Chemed Wide

Unintentional Actions

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Jun 24, 2005
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The Talmud records a dispute between R. Shimon and R. Yehudah concerning a melakhah that takes place as an unintended consequence of one’s actions. R. Shimon allows one to undertake an endeavor that will result in a melakhah on Shabbat, as long as that is not one’s intention. R. Yehudah, however, would prohibit such activity; rishonim disagreed as to whether his opinion indicated a biblical prohibition (see Shittah Mekubetzet, Ketubot 5b) or a rabbinical one (see Rashi, Shabbat 121b, Tosafot, Shabbat 41b and Yoma 34b).

Tosafot (Shabbat 110b) cite the Sh’iltot as ruling that R. Shimon’s lenient view is accepted only in regards to Shabbat, which requires a standard of “melekhet machshevet”. The Ri, however, disagrees, and applies this ruling to all areas of the Torah.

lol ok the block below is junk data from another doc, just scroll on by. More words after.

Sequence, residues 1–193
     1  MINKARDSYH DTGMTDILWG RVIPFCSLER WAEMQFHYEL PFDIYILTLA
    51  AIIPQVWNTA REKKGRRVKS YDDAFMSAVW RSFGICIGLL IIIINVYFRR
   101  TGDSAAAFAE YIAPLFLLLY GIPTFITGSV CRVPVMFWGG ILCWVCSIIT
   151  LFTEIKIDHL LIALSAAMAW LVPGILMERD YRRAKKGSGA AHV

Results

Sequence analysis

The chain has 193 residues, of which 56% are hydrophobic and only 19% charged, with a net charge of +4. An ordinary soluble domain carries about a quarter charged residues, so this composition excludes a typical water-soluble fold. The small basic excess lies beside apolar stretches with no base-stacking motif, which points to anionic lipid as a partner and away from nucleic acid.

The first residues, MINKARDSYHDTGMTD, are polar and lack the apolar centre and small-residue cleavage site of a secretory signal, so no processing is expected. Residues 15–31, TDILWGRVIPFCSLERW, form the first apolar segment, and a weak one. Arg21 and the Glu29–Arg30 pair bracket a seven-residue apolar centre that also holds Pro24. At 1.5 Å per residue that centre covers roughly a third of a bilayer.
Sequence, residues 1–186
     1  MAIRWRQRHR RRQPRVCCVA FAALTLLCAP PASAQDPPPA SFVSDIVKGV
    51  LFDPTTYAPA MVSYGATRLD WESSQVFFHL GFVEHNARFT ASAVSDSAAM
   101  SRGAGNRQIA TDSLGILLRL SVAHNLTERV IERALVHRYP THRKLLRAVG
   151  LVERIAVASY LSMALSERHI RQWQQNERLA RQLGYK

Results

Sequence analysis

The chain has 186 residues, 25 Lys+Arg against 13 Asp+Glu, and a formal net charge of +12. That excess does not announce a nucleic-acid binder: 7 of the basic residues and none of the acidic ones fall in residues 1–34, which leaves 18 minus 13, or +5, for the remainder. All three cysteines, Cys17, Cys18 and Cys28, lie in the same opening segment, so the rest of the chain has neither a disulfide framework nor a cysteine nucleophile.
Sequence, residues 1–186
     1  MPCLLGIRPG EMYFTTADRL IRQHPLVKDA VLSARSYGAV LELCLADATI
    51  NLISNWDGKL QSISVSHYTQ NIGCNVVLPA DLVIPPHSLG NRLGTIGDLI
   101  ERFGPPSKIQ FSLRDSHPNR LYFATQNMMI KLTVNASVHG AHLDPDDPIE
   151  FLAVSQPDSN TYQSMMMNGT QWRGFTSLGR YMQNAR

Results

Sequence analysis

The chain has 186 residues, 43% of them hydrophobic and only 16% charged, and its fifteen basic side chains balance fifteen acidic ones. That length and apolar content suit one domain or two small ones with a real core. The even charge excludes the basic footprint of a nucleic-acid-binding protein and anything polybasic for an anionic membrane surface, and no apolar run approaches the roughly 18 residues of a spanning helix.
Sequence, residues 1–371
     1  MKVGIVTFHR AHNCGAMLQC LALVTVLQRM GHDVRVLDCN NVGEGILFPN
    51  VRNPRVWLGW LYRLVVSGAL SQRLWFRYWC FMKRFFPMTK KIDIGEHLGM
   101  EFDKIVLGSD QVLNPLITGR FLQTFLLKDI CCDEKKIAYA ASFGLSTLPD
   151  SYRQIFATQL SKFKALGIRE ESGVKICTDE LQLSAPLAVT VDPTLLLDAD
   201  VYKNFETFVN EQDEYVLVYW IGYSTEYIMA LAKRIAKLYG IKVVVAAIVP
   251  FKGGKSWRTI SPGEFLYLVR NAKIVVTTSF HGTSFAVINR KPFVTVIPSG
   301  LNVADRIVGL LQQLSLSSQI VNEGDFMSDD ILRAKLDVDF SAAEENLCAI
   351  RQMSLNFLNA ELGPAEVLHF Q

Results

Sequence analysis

R. Chaim (Brisker) Soloveitchik (Chiddushei Rabbeinu Chaim HaLevi, Shabbat 10:17) distinguishes between the notion of “unintentional” as it would apply to the whole Torah, and as it would apply to Shabbat, as a function of melekhet machshevet. The general standard would be a desire and intent (ratzon and kavannah) to bring about the result. Melekhet machshevet, on the other hand, requires just awareness and knowledge (machshavah and da’at).

R. Asher Weiss, however, in a lengthy essay on the topic of melekhet machshevet (Minchat Asher, Shabbat, 55, and al HaTorah, Parashat VaYakhel) develops the thesis that melekhet machshevet is a general concept demanding a standard of “umanut” (craftsmanship) and thus generates many exclusions that are differentiated from each other. Accordingly, he takes issue with R. Chaim’s position, maintaining there is no reason that melekhet machshevet cannot simultaneously demand ratzon and kavannah as well as machshavah and da’at.
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